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RUNNING HEAD: Minding Your Own Language Learning

Minding Your Own Language Learning


By Prof. Jonathan Acua Solano
Sunday, June 28, 2015
Twitter: @jonacuso
Post 177

Mindfulness does not just mean to be aware of what others do or feel (or what I,
as an individual feel and do), but it is a conscious act that allows us to introspectively and
retrospectively analyze how things happen(ed) in life, such as the way a foreign language
was acquired. At times it is helpful to place oneself in the shoes of ones learners to tell
them that one understands what they are going or have gone through as language
students. Lets mindfully ask ourselves these questions or just read the following answers.
What were the contexts in which you felt you were most successful in learning a

language? Since now I am getting to understand language learning processes better, in


hindsight I can see myself years ago learning English and being exposed to lots of social
interaction in class, but with one professor I got at University of Costa Rica whose class
was solely delivered from her desk. Prof. Pacheco never gave me or my parents any way

Prof. Jonathan Acua Solano

RUNNING HEAD: Minding Your Own Language Learning

to socially work with other peers to try out the development of our interlanguage and
test our comprehension of the target language. Now as an ELT instructor, and thanks to
that Prof. Pacheco, in a mindful act for the sake of my lesson plan, I provide my pupils
with zone-of-proximal-development opportunities to exercise their English, to feel
comfortable in my class, and to give their interlanguage a try. Somehow I want to
guarantee that my language trainees get a classroom setting that inspires them with
activities that can foster their language proficiency in a social context.
Did you learn best in a classroom context? With language instructors such as
Prof. Pacheco at UCR, I cannot see much evolution of language in learners (because I
saw none in my case). But my personal language learning story is not just connected to
a single unmindful teaching professional; there were people who really helped me a lot
to continue developing my language. However, being retrospectively and mindfully alert,
the classroom context was not the best place for me oftentimes. There were partners
who recurrently went back to our native language to discuss what the instructor asked
us to consider and talk over among ourselves. Committed peers were not always nearby,
and for that reason I self-taught myself many things I could not either learn with my
uncooperative peers or in a class that turned out to be too theoretical and abstract for
me or socially tracked off. As a language instructor, and in an act of mindfulness once

more, my students are much more involved in routine tasks that can assist them to help
them develop their language proficiency in various ways: from grammar to pronunciation,
and from social skills to hierarchical thinking skills. Anything that resembles the way native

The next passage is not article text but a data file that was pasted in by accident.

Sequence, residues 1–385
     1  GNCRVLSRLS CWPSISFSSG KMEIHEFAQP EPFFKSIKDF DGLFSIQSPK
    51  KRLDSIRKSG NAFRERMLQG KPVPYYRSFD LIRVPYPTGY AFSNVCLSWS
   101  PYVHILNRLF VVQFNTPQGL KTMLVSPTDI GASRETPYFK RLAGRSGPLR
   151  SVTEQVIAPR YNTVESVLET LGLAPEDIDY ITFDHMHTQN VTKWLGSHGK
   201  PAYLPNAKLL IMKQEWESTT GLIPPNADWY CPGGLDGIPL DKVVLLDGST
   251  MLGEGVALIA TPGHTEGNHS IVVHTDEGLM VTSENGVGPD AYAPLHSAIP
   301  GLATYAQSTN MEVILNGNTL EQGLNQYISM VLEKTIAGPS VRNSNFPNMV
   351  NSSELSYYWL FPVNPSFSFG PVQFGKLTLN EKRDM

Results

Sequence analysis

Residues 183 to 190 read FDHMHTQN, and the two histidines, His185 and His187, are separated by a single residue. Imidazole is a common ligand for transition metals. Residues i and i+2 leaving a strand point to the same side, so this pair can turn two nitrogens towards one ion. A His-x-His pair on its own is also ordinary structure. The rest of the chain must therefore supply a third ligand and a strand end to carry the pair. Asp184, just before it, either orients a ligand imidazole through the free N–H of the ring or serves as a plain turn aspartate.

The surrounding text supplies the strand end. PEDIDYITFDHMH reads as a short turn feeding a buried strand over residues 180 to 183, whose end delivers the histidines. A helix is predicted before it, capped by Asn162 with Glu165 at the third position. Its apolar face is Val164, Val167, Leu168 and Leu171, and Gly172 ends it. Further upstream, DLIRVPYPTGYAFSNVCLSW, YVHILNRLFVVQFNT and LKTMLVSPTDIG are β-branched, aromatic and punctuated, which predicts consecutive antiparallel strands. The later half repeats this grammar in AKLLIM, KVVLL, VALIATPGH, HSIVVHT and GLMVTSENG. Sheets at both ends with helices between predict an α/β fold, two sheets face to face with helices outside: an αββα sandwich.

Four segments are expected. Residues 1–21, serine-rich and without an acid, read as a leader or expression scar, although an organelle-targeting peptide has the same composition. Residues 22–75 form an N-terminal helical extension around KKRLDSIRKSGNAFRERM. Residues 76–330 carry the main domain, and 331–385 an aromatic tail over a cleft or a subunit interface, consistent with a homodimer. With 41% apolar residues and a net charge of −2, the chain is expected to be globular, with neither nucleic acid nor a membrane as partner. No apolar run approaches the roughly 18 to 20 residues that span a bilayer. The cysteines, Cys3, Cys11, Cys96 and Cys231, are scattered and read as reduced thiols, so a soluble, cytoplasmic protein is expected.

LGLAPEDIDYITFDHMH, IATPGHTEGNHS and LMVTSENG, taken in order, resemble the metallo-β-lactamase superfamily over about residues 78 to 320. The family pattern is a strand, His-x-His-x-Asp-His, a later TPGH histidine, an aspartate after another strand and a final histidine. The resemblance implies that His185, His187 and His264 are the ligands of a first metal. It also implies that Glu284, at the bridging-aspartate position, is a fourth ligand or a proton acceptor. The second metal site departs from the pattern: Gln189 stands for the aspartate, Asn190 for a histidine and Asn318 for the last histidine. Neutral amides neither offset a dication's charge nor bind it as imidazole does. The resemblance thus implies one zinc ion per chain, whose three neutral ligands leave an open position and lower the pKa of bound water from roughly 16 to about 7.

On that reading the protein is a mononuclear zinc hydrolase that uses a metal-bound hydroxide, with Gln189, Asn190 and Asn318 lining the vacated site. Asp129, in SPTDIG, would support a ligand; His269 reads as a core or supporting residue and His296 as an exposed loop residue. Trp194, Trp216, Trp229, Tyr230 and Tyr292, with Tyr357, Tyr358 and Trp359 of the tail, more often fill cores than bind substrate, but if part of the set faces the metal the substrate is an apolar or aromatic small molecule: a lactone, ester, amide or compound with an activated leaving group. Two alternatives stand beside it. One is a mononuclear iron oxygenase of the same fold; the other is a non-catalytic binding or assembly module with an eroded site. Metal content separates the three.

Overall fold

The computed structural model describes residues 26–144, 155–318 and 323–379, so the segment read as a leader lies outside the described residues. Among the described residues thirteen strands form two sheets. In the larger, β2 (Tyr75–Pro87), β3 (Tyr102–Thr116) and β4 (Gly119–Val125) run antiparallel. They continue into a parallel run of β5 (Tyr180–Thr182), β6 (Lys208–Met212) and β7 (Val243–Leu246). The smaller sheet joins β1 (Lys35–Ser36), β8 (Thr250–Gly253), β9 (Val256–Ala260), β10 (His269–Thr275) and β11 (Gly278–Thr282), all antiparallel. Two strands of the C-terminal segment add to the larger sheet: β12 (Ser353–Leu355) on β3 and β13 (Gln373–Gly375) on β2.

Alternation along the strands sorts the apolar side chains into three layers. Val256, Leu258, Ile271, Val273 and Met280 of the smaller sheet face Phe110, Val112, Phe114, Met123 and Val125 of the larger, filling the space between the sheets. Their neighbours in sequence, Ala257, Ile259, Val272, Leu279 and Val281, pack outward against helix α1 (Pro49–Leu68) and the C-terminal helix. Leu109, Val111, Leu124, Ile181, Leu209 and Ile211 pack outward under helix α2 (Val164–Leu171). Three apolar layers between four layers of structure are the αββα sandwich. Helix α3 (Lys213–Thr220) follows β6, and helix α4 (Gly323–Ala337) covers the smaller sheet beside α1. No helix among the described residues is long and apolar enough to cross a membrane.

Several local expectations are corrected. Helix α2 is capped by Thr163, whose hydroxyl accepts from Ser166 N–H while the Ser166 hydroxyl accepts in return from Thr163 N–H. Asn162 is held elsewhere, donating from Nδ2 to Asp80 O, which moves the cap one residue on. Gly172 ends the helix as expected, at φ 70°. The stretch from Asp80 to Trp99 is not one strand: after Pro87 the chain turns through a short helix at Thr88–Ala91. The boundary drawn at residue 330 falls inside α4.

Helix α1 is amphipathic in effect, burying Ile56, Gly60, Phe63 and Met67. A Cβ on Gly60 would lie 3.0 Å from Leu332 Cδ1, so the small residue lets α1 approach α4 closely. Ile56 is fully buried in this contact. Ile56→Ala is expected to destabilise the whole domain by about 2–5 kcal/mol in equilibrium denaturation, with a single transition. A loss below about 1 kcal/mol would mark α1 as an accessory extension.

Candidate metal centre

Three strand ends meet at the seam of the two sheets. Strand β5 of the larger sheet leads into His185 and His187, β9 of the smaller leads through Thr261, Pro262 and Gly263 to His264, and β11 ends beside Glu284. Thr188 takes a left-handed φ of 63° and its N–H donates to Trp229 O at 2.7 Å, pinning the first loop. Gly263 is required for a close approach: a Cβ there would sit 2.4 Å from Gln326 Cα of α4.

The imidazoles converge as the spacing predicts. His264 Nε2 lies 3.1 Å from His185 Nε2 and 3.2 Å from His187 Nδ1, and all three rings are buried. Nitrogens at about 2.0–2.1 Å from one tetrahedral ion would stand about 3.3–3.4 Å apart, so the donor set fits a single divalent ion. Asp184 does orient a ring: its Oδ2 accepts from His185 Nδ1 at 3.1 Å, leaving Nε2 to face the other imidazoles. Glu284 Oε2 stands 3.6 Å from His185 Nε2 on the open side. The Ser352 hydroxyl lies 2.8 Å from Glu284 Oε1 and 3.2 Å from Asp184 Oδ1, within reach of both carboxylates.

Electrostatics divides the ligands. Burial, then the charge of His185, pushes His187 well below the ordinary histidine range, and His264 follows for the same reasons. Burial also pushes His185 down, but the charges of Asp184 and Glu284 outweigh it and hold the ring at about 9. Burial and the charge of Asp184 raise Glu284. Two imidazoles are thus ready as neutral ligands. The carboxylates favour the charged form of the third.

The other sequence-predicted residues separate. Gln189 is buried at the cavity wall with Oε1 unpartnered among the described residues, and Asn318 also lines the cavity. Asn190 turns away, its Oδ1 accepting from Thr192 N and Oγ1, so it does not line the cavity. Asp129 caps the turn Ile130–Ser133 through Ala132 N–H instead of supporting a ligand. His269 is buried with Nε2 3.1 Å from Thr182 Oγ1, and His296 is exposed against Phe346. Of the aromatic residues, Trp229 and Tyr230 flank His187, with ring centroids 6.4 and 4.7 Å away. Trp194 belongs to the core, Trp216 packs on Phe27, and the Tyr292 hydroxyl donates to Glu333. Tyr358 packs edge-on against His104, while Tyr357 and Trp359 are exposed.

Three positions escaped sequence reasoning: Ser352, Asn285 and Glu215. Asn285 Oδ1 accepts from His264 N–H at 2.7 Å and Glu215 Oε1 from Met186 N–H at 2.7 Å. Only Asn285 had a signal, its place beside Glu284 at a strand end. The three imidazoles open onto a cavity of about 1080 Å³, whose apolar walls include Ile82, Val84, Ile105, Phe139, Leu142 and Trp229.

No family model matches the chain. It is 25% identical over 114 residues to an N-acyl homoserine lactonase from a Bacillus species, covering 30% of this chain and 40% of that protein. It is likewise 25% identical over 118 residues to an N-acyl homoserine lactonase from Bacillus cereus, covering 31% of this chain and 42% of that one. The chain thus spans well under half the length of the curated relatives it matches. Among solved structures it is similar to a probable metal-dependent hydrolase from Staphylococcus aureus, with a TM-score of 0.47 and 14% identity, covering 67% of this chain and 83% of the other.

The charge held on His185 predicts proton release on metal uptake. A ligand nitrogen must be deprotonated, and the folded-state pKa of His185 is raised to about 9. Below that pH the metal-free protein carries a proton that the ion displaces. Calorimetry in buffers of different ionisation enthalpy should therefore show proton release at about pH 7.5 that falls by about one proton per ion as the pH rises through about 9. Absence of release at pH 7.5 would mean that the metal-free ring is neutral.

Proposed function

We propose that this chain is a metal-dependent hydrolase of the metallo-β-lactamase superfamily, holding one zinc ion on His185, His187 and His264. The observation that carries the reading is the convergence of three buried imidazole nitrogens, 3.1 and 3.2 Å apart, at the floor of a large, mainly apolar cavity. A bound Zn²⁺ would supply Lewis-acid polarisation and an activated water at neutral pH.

speakers use the language in a foreign country is something that can be tried out in class
to help learners construct their knowledge of the target language and to practice it.
If you have visited a country where you had to learn at least some basics of a

second language, what helped? What didnt help? As a language learner, I never visited
any English-speaking country, nor did I have to learn the basis of a second language in

Prof. Jonathan Acua Solano

RUNNING HEAD: Minding Your Own Language Learning

a foreign country. I learned English in my Spanish-speaking home country. It was until


later in life, as a graduate student, when I had the opportunity to travel to the United
States for a teacher training course, several years after I had graduated from UCR. But
before that traveling chance materialized, there were plenty of British, American, and
Canadian native speakers who shared their language with me through lengthy
conversations or small chats. In a mindful act in the search to improve my language
proficiency, I looked for any opportunity to have a conversation with a native speaker to
once again- try out the evolution of my interlanguage. At this point of my professional
teaching life, I recurrently ask my pupils to go and look for those opportunities to practice
their English! And better yet, if they can travel to an English-speaking country for a while,
I ask them to seize the chance and explore other linguistic horizons that are only hosted
in a country where the target language is spoken.
In brief, as a language instructor one has to be mindful of how ones language
learning process took place. Our experiences can be guiding stars for what we want to
instill in our learners to experience a more down-to-earth and meaningful way of learning
or to go and search for language experiences that can help them learn, consolidate their
learning, or try out what has been learned and moved into the interlanguage. We were
foreign language learners; why cant we use all that experience to assist our students in
their language learning journey?

Prof. Jonathan Acua Solano